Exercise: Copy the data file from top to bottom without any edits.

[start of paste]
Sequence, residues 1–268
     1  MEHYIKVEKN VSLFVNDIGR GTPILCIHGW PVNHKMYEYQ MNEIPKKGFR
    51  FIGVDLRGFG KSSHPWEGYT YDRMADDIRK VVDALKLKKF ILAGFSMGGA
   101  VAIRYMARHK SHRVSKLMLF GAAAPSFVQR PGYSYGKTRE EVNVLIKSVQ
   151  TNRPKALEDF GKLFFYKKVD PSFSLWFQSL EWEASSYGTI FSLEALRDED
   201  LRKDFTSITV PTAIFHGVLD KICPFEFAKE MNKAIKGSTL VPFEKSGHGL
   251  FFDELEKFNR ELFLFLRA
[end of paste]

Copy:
Sequence, residues 1–268
     1  MEHYIKVEKN VSLFVNDIGR GTPILCIHGW PVNHKMYEYQ MNEIPKKGFR
    51  FIGVDLRGFG KSSHPWEGYT YDRMADDIRK VVDALKLKKF ILAGFSMGGA
   101  VAIRYMARHK SHRVSKLMLF GAAAPSFVQR PGYSYGKTRE EVNVLIKSVQ
   151  TNRPKALEDF GKLFFYKKVD PSFSLWFQSL EWEASSYGTI FSLEALRDED
   201  LRKDFTSITV PTAIFHGVLD KICPFEFAKE MNKAIKGSTL VPFEKSGHGL
   251  FFDELEKFNR ELFLFLRA